So throughout the game, the only way for the Reds to get any one of Mane, Firmino or Salah involved was through a high level of passing precision. Against the twin layers of Chelsea players, it was a tough ask. The Egyptian who was adjudged the PFA Player of the Year award last week had the least touches (34) among the 22 players that started the game. Similarly, Firmino too hardly got hold of the ball, touching it on mere five more occasions than Salah. Mane saw much more of the ball as he often dropped deep, but the Senegalese forward was offered no room to run at the Chelsea defence. Out of his 71 touches,only four were inside the box. Mane too like his teammates was forced to play the ball wide or backwards thanks to the disciplined Chelsea rearguard.
Liverpool players switched positions on a regular basis, but the Blues defenders stayed with the player in their zone instead of man marking a particular one to maintain their shape.
Tiredness after the Roma game in the Champions League in midweek did play a part in Liverpool running out of ideas, but their failure to put Chelsea under sustained pressure through the course of the 90 minutes would concern Klopp.
In a season, that has brought to light Liverpool's flamboyance and attacking flair, Sunday's result exposed their lack of plan B and struggles while chasing games.
Despite being the league's second-highest scorers, Liverpool have failed to score in seven games in the league this season, which along with Chelsea and Manchester United is the most by a top six team. The fact that United and Chelsea have scored 12 and 19 goals fewer than the Reds makes this statistic a bit alarming. It shows that Liverpool's goals come in bursts or don't come at all if the opponents manage to stifle their attack.
Klopp's men are lethal when it comes to picking up sides that leave space for their forwards to run behind their defence. The pace offered by their front three is frightening thus making it very difficult for teams to chase games against Liverpool.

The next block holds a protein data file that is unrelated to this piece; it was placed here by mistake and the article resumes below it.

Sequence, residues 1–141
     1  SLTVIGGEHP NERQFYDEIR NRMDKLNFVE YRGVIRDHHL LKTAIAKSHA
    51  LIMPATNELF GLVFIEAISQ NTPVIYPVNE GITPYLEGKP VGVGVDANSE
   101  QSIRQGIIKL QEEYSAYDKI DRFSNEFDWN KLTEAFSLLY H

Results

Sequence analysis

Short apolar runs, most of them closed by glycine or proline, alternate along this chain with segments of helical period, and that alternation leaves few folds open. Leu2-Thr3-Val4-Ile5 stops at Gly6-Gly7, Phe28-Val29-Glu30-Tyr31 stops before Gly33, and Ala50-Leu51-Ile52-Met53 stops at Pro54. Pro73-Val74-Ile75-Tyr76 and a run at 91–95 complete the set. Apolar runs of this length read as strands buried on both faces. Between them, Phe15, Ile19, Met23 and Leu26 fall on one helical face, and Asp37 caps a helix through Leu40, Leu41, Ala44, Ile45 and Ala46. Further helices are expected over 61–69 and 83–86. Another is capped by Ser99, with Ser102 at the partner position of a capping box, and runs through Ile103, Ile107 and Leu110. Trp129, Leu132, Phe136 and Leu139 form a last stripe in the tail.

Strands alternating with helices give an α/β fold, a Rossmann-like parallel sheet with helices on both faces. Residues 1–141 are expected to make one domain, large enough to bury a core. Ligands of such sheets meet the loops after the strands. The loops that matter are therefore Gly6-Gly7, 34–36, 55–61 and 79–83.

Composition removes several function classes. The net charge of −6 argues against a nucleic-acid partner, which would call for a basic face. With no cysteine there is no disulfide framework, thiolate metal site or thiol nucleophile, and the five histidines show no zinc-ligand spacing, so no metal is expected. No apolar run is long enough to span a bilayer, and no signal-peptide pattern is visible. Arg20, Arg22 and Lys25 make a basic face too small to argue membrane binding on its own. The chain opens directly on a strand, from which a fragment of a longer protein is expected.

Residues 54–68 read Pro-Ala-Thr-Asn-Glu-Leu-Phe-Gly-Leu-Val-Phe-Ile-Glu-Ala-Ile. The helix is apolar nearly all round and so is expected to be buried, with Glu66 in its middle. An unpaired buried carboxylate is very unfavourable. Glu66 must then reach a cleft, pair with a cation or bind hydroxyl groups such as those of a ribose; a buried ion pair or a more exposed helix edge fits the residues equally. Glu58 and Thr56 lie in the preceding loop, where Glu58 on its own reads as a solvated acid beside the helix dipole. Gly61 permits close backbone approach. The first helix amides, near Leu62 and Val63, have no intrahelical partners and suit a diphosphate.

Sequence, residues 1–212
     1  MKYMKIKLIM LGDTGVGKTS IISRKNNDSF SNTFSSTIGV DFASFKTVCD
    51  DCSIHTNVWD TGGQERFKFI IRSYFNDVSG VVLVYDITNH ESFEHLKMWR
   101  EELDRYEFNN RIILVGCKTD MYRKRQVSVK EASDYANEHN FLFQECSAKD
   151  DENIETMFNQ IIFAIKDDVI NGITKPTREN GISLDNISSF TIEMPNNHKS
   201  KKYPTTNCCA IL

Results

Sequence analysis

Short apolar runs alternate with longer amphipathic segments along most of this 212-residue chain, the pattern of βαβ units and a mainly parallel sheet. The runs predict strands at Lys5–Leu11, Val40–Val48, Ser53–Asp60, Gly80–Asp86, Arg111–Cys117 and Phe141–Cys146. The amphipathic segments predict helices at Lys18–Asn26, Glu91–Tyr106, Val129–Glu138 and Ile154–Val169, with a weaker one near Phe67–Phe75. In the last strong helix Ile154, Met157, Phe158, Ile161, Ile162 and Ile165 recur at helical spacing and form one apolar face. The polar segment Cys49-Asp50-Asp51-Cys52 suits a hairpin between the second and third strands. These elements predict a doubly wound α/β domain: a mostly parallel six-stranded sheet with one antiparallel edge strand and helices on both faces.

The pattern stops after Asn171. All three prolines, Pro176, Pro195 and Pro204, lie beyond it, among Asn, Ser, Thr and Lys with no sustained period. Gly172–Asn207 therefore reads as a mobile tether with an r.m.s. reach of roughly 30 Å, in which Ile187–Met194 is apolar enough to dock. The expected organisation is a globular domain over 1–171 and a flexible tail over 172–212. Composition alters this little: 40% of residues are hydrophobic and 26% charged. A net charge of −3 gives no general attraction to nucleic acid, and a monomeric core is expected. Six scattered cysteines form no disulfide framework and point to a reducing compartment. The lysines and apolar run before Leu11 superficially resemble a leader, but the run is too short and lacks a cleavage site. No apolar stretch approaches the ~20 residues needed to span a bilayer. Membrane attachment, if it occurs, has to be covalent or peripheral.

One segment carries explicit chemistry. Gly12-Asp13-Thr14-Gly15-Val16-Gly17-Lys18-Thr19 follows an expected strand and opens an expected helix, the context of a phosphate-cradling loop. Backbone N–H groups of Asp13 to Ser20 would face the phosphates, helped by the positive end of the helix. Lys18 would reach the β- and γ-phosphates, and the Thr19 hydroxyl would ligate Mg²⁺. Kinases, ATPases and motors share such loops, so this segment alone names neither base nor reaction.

In the Premier League, Liverpool have not lost a single game in which they have taken the lead. Out of the 24 games, the Reds opened the scoring they have won 18, while drawing the other six. However, on occasions when Liverpool have failed to take the lead, their record makes a fairly miserable reading. In 13 league games where Klopp's men failed to hit the front, they managed to win just 2 games, losing five times and drawing six.
Chelsea defended with great concentration and commitment as the Reds ran out of fuel following their midweek exertions on Sunday, but credit must go to Conte for setting his team up to play to its strength and be in a position to exploit the shortcomings of the opponents.
Liverpool are a team with great talent and potential. They may end this season as European champions, but Klopp would look back at the Chelsea defeat as a sign of caution as he attempts to build a team that challenges and wins top honours on a regular basis.
This season is proof enough to suggest that the Reds are on the right track to achieve greatness as a team, but till then, Liverpool may have to live on with a 'cup team' tag.